Parsifal Motif 14: Magic or Sorcery
German name: Zaubermotiv
Although it is often referred to as Klingsor's Magic, the Zaubermotiv is associated not only with the sorcerer Klingsor but also with magic in general. Hans-Joachim Bauer observed that it was, after Kundry's motif, the most dominating motif of the second act. Carl Dahlhaus claimed that the harmonic basis of the Zaubermotiv recalls that representing the Tarnhelm, a magical device, in the Ring. According to Lorenz's analysis, the Zaubermotiv is built over mystical chords, namely, chords from the set of harmonies that also includes the Tristan chords; this places it firmly in the chromatic domain of Klingsor as opposed to the diatonic domain of the Grail. Together with the entire set of mystic chords, it might even be regarded as the musical idea that defines Klingsor's domain. Bauer stated that this theme is the antithesis of the Grail motif.
As we have already noted, the Zaubermotiv is intimately related to the motif of Riding. Not only does the second half of the former take its rhythm from the latter but in
their respective definitive forms, both are harmonized by the same two mystical chords. Lorenz (p.46) writes:
The harmonization of the Zaubermotiv consists of mystical
chords that twice resolve to a triad ...; he sees the first (short) triad as transient (the F major chord in the first bar of the example) but the second triad (the D major chord of the last bar in the
example) as the "goal chord". In other words, the associated key is defined by the last bar. Each occurrence of the motif effects a modulation down a major third; in this case from F to D.
The Zaubermotiv is heard complete for the first time when it accompanies Gurnemanz's account of how Titurel found Kundry:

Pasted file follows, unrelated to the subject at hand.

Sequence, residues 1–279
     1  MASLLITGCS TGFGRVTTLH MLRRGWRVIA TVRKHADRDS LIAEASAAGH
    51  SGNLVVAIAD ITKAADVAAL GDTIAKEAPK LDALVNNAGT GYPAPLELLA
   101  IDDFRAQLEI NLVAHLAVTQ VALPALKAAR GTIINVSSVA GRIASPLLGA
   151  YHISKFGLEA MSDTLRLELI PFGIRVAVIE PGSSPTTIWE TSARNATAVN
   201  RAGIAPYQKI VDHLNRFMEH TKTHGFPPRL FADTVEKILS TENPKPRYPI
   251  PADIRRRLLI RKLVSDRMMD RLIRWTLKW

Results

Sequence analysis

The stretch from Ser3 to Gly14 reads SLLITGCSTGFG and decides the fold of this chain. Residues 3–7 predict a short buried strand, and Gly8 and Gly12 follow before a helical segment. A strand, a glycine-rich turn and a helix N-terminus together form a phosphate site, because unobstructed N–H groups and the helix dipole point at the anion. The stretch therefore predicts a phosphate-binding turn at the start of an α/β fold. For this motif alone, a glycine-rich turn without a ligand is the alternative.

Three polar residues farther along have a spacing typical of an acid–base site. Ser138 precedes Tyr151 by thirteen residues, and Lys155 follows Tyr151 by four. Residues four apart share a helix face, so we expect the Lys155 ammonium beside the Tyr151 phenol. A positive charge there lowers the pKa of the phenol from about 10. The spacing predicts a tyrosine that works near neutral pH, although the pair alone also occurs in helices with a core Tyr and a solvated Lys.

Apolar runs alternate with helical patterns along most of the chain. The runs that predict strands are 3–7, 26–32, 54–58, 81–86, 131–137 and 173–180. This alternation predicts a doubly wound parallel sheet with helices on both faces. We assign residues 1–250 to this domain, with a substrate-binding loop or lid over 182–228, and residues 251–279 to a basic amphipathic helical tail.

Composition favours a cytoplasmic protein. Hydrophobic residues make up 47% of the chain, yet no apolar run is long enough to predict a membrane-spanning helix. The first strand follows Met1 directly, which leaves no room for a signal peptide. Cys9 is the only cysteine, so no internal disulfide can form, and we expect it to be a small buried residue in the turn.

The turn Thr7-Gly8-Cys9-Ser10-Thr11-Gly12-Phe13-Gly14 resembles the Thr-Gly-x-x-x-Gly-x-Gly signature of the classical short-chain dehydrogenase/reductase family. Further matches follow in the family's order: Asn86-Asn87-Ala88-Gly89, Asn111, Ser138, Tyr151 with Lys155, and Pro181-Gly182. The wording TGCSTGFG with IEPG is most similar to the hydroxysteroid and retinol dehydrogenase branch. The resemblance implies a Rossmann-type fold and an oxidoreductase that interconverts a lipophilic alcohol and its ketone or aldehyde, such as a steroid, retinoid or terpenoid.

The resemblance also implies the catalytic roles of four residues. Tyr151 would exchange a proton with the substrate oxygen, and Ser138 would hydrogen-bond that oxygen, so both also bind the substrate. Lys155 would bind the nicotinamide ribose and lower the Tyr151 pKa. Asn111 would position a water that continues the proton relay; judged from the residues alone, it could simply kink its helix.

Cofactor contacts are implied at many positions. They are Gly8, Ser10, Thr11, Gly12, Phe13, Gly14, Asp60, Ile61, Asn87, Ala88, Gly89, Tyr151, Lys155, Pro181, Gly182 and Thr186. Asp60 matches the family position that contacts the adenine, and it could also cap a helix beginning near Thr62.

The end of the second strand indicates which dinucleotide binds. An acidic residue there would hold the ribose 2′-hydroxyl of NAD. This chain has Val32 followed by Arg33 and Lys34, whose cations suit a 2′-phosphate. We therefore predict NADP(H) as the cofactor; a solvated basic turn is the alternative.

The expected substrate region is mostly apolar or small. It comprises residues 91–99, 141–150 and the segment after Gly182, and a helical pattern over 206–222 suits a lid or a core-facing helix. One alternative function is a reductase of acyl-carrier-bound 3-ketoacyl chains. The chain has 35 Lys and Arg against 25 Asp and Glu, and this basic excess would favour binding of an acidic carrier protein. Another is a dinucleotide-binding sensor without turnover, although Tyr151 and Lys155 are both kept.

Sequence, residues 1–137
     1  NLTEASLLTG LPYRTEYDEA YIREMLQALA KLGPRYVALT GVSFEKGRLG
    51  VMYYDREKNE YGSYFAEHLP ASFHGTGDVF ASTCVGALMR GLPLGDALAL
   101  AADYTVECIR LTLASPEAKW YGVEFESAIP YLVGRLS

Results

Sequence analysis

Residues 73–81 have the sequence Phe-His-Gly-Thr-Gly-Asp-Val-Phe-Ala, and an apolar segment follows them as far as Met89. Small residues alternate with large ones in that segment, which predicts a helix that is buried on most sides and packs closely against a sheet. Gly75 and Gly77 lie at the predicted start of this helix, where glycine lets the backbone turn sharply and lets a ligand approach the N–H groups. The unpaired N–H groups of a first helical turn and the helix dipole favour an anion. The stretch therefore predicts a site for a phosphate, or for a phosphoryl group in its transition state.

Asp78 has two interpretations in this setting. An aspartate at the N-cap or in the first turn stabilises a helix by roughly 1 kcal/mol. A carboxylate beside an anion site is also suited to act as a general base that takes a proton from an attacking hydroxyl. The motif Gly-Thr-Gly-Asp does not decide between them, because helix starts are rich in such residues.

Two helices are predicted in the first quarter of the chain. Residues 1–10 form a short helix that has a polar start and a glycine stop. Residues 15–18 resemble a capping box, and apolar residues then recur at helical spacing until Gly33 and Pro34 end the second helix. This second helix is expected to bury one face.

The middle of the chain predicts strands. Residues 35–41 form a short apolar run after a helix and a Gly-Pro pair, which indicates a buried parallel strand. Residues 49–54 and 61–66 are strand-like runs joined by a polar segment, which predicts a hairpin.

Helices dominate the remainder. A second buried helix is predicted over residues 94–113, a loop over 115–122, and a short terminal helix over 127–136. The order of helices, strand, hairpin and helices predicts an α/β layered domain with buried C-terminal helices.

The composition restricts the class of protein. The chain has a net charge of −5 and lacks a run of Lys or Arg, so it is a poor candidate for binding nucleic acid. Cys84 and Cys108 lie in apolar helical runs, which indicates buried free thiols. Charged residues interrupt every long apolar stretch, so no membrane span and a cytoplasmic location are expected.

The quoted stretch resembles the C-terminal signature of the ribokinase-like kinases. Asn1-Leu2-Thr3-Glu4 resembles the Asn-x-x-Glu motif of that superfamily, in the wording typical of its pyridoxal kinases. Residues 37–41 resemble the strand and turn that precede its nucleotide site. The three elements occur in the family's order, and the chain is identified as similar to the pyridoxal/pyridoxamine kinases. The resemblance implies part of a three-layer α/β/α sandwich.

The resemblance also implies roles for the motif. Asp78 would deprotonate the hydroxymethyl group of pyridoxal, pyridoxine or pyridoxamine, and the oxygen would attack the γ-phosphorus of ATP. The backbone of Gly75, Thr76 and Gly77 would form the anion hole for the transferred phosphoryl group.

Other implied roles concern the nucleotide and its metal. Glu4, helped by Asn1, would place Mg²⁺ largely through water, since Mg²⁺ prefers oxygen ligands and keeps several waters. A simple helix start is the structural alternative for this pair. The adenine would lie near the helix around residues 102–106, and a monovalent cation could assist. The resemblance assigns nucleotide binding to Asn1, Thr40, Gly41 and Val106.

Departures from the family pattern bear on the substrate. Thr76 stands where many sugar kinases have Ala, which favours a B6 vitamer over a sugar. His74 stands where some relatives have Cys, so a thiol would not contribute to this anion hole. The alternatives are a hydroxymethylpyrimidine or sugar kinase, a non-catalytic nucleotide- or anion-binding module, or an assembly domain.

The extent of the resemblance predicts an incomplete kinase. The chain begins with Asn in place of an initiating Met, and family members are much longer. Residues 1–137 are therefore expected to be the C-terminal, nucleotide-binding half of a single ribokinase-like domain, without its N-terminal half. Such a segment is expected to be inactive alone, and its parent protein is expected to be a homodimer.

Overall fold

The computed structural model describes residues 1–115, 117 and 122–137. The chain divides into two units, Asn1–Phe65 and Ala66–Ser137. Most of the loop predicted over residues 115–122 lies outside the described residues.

sie schlafend hier im Waldgestrüpp. He goes on to tell (after
much evasion) the story of Klingsor, the evil one over the mountains, and again we hear the Zaubermotiv. As with the Prophecy motif, that of Klingsor's
Magic develops from a barely defined fragment into a complete musical phrase. In its extended form, the motif accompanies Kundry's magic sleep, and this motif that Wagner described as "serpentine" (CT
3.VI.1878) might be interpreted as representing Kundry's cycle of rebirths. Or what Wagner called,
that awful chain of becoming and passing away. He also compressed it into a shorter form, without the
dotted rhythm, which we hear only in association with Klingsor.
It is clear that this motif has broader associations than just Klingsor and sorcery. Its first fragment appears when Kundry reveals that she has brought the balsam from Arabia, somewhere further than Gurnemanz's mind can reach. It may also represent the heathen lands beyond the mountains, or any place or concept remote from the mind-set of the Grail knights. We hear it again at the climax of the second act, as Kundry bends over Parsifal to kiss him; therefore it is possible that the motif represents sensuality, or even Eros; which according to Schopenhauer is the Will itself.
Ulrike Kienzle calls it Das Motiv des Lebenswillens. She associates it not only with the cycle of rebirths, as I mentioned above, but also with the great cycle of the universe or mahākalpa in Buddhist cosmology.
The motif of Klingsor's Magic begins with the Yearning motif (A) which is followed by the three note Ethical Question motif (shown in red on the example) and finishes with a subsidiary motif (B) in the dotted rhythm of the Riding motif, augmented. The first four notes of B are the opening notes of the Grundthema transposed.
References: von Wolzogen ex.9, Lorenz pages 45-47, Lavignac p.450, Kufferath ex.13, Newman ex.15, ENO ex.4, Dahlhaus (Richard Wagner's Music Dramas) page 149, Bauer pages 63-66, Ulrike Kienzle (... daß wissend würde die Welt), pages 217-218.